International law supports the position that the enslavement of Africans was a crime against humanity. The Charter of the Nuremberg Tribunal defined crimes against humanity in this manner: “Murder, extermination, enslavement, deportation, and other inhumane acts committed against any civilian population… whether or not in violation of the domestic law of the country where perpetuated.”

The African Reparations Movement explains that, “Historians and their experts can show, without difficulty, how the invasion of African territories, the mass capture of Africans, the horrors of the Middle Passage, the chattelization of Africans in America, and the extermination of the language and culture of the transported Africans, constituted violations of all these international laws.” Thus, the Trans Atlantic Slave Trade was a Crime Against Humanity and, it is clear, African people are owed reparations throughout the world.

We must regain the momentum that the Reparations Movement has in the first few years of this century. The UN World Conference Against Racism in Durban, South Africa (recognizing the Trans-Atlantic Slave Trade and slavery as a crime against humanity for which reparations were due); the major national reparations demonstration (Millions for Reparations, in D.C. in August 2002): the Reparations lawsuits filed against transnational corporations (i.e., Aetna, AIG, JPMorgan Chase, Lloyds of London, New York Life Insurance, CSX Rail, and municipalities (i.e., Tulsa, Oklahoma for the 1921 Black Wall Street bombing and massacre); the state and local legislation requiring corporations to disclose their historical ties to the Trans-Atlantic Slave Trade and slavery all helped to clarify and popularize the concept of reparations as a legitimate and attainable demand in the minds of our people.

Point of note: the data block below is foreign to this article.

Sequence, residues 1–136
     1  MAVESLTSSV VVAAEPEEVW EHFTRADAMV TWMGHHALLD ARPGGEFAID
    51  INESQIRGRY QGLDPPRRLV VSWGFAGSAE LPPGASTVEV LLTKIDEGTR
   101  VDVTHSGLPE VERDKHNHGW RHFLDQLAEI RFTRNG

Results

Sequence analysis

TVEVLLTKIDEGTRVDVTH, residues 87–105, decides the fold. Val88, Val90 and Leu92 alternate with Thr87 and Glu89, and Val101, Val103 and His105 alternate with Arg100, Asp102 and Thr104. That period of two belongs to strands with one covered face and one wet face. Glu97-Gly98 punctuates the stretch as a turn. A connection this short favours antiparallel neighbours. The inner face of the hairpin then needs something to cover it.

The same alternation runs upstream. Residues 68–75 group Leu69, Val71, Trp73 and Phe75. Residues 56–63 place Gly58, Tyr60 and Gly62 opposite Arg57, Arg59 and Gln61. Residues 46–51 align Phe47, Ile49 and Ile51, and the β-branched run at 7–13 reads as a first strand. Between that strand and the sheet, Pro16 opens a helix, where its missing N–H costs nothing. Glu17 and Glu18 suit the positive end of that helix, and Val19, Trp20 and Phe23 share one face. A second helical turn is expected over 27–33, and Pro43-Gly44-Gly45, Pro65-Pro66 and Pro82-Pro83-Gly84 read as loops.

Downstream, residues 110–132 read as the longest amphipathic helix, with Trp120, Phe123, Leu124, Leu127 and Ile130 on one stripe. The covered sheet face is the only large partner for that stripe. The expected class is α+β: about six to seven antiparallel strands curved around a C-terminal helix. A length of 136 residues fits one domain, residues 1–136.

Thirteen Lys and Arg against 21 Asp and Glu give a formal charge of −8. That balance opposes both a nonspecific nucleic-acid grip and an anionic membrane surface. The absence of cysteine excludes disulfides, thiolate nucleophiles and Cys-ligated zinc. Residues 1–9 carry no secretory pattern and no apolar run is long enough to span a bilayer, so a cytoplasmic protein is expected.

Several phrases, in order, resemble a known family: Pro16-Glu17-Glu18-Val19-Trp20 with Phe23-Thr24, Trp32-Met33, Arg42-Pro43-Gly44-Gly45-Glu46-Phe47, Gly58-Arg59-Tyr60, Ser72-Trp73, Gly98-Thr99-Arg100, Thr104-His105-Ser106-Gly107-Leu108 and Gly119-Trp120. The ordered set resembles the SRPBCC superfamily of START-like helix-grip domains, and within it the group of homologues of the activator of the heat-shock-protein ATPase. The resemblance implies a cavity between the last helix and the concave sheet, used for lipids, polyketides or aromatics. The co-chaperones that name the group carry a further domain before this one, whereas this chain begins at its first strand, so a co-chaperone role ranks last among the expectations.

The New York Times revealed, “A conference on racism this summer could be one of the most explosive meetings this organization (United Nations) has ever held, with moves afoot to cast globalization as a racial issue and to demand reparations for the slave trade and colonialism.”

For more than 30 years, the December 12th Movement International Secretariat has fought in defense of the human rights of African people at the United Nations, in both Switzerland and New York. During this time, they have come to help us understand that while we, as African people, may not recognize the importance of the international agency to the progress of our struggle, but the United States and its allies are crystal clear about it.

NBUF agreed with the December 12th Movement that we must continue to organize at the international level in bringing the issues of African people before the world and especially the issue of Reparations.

Dr. Conrad Worrill, Professor Emeritus, Carruthers Center for Inner City Studies (CCICS). New office location is at 1809 E. 71st Street, Chicago, Illinois 60649, 773-592-2598. Email: [email protected] Website: